Recent years have seen the establishment of structural genomics centers that explicitly target integral membrane proteins. Here, we review the advances in targeting these extremely high-hanging fruits of structural biology in high-throughput mode. We observe that the experimental determination of high-resolution structures of integral membrane proteins is increasingly successful both in terms of getting structures and of covering important protein families, e.g. from Pfam. Structural genomics has begun to contribute significantly toward this progress. An important component of this contribution is the set up of robotic pipelines that generate a wealth of experimental data for membrane proteins. We argue that prediction methods for the identification of membrane regions and for the comparison of membrane proteins largely suffice to meet the challenges of target selection for structural genomics of membrane proteins. In contrast, we need better methods to prioritize the most promising members in a family of closely related proteins and to annotate protein function from sequence and structure in absence of homology.
doi:10.1016/j.sbi.2012.05.002
PMCID: PMC3400333  PMID: 22622032
alpha-helical integral membrane proteins; structural genomics; protein families; protein structure; target selection; function prediction
8.  The challenge of increasing Pfam coverage of the human proteome 
It is a worthy goal to completely characterize all human proteins in terms of their domains. Here, using the Pfam database, we asked how far we have progressed in this endeavour. Ninety per cent of proteins in the human proteome matched at least one of 5494 manually curated Pfam-A families. In contrast, human residue coverage by Pfam-A families was <45%, with 9418 automatically generated Pfam-B families adding a further 10%. Even after excluding predicted signal peptide regions and short regions (<50 consecutive residues) unlikely to harbour new families, for ∼38% of the human protein residues, there was no information in Pfam about conservation and evolutionary relationship with other protein regions. This uncovered portion of the human proteome was found to be distributed over almost 25 000 distinct protein regions. Comparison with proteins in the UniProtKB database suggested that the human regions that exhibited similarity to thousands of other sequences were often either divergent elements or N- or C-terminal extensions of existing families. Thirty-four per cent of regions, on the other hand, matched fewer than 100 sequences in UniProtKB. Most of these did not appear to share any relationship with existing Pfam-A families, suggesting that thousands of new families would need to be generated to cover them. Also, these latter regions were particularly rich in amino acid compositional bias such as the one associated with intrinsic disorder. This could represent a significant obstacle toward their inclusion into new Pfam families. Based on these observations, a major focus for increasing Pfam coverage of the human proteome will be to improve the definition of existing families. New families will also be built, prioritizing those that have been experimentally functionally characterized.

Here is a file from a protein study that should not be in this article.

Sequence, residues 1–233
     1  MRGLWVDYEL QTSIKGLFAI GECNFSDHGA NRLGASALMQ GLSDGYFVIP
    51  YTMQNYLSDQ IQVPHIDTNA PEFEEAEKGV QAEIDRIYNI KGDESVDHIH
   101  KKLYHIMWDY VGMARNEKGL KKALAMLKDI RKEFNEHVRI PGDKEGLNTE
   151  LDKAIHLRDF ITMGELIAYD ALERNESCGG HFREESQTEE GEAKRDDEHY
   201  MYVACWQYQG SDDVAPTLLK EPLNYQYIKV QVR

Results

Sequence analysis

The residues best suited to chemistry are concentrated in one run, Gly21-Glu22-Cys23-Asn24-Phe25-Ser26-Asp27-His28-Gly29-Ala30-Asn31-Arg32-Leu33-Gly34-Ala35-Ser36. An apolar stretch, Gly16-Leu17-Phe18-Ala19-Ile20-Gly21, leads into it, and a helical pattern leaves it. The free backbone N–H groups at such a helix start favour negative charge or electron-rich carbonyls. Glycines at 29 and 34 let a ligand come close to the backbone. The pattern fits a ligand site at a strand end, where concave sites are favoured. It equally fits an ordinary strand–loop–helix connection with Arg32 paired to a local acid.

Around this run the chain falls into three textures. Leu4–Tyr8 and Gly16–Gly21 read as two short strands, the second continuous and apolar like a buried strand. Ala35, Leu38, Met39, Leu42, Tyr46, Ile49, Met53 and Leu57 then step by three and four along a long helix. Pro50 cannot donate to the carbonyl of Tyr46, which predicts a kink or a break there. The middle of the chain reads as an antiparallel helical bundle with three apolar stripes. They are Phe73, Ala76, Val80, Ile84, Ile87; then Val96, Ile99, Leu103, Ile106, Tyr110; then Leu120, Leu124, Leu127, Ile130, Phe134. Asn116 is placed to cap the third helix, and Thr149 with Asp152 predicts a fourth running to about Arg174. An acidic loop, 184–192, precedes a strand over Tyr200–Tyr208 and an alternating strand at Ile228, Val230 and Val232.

Database URL: http://pfam.sanger.ac.uk/
doi:10.1093/database/bat023
PMCID: PMC3630804
9.  Challenges in homology search: HMMER3 and convergent evolution of coiled-coil regions 
Nucleic Acids Research  2013;41(12):e121.
Detection of protein homology via sequence similarity has important applications in biology, from protein structure and function prediction to reconstruction of phylogenies. Although current methods for aligning protein sequences are powerful, challenges remain, including problems with homologous overextension of alignments and with regions under convergent evolution. Here, we test the ability of the profile hidden Markov model method HMMER3 to correctly assign homologous sequences to >13 000 manually curated families from the Pfam database. We identify problem families using protein regions that match two or more Pfam families not currently annotated as related in Pfam. We find that HMMER3 E-value estimates seem to be less accurate for families that feature periodic patterns of compositional bias, such as the ones typically observed in coiled-coils. These results support the continued use of manually curated inclusion thresholds in the Pfam database, especially on the subset of families that have been identified as problematic in experiments such as these. They also highlight the need for developing new methods that can correct for this particular type of compositional bias.
doi:10.1093/nar/gkt263
PMCID: PMC3695513  PMID: 23598997